SINEMA GIVES HER NOD TO DEMOCRATS’ BILL

Democrats pushed ahead Friday on an estimated $730 billion package that in many ways reflects Sinema’s priorities and handiwork more than the other political figures who have played a key role in delivering on Biden’s signature domestic policy agenda.

It was Sinema early on who rejected Biden’s plan to raise the corporate tax rate from 21% to 28%, as she broke with party’s primary goal of reversing the Trump-era tax break Republicans gave to corporate America.

And it was Sinema who in one final stroke gave her blessing to the deal by extracting an ultimate demand — she forced Democrats to drop plans to close a tax loophole that benefits wealthy hedge fund managers and high-income earners, long a party priority.

“Kyrsten Sinema’s proven herself to be a very effective legislator,” said Sen. Mark Warner, D-Va., who has negotiated extensively with his colleague over the past year, including on the tax loophole.

While other lawmakers bristle at the influence a single senator can wield in Congress, where each member represents thousands if not millions of voters, Sinema’s nod of approval late Thursday was the last hurdle Democrats needed to push the Inflation Reduction Act forward.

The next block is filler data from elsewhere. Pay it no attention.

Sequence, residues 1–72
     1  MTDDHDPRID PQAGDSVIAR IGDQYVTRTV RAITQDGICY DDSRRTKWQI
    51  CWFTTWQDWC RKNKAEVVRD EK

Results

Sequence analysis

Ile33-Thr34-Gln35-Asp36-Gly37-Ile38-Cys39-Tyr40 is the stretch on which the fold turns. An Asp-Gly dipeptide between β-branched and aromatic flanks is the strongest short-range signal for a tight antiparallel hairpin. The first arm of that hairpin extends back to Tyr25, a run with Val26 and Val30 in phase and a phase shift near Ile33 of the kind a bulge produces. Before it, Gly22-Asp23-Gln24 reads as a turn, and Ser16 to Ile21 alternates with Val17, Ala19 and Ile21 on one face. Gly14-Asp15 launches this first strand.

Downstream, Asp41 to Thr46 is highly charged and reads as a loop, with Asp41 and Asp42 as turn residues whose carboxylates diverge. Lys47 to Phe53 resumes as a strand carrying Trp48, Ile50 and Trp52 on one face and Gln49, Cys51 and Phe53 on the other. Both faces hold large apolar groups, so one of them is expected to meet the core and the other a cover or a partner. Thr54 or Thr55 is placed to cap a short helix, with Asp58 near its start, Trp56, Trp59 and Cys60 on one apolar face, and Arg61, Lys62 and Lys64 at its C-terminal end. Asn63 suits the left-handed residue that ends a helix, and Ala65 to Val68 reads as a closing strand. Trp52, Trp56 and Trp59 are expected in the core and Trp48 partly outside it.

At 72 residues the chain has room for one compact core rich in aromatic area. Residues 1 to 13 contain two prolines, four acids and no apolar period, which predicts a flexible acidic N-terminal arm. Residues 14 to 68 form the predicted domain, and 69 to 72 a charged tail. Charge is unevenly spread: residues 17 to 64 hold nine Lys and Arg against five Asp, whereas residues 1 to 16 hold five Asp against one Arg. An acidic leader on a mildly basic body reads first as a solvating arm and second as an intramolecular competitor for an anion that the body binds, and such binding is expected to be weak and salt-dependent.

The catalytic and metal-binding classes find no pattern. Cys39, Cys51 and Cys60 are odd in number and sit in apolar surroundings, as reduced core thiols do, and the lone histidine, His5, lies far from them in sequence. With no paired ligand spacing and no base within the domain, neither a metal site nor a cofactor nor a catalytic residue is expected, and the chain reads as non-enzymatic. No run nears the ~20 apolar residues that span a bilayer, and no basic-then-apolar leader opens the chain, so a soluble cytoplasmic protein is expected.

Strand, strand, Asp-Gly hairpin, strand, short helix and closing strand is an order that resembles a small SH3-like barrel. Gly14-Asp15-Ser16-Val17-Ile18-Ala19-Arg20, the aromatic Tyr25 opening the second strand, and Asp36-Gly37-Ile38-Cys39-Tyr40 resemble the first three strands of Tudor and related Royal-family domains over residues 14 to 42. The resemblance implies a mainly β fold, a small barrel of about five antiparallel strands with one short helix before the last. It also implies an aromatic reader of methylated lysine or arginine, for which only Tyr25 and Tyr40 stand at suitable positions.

Progressive Rep. Ruben Gallego is openly musing about challenging Sinema in the 2024 primary in Arizona, and an independent expenditure group, Change for Arizona 2024, says it will support grassroots organizations committed to defeating her in a Democratic primary.

On the climate provisions, a priority for Democrats, Sinema may have played a role in keeping the sweeping provisions in the bill, when Manchin was less inclined to do so.

Environmental leaders, who have been involved in talks on the bill since last year, said Sinema has helped shape the bill all along.

Jamal Raad, executive director of Evergreen Action, an environmental group that has pushed for the climate bill, said: “Senator Sinema needed money for drought relief to help her constituents stave off the worst effects of climate change.

At home in Arizona, business allies that have been crucial to Sinema’s efforts to build an independent image have cheered on her willingness to resist party pressure over the tax increases.

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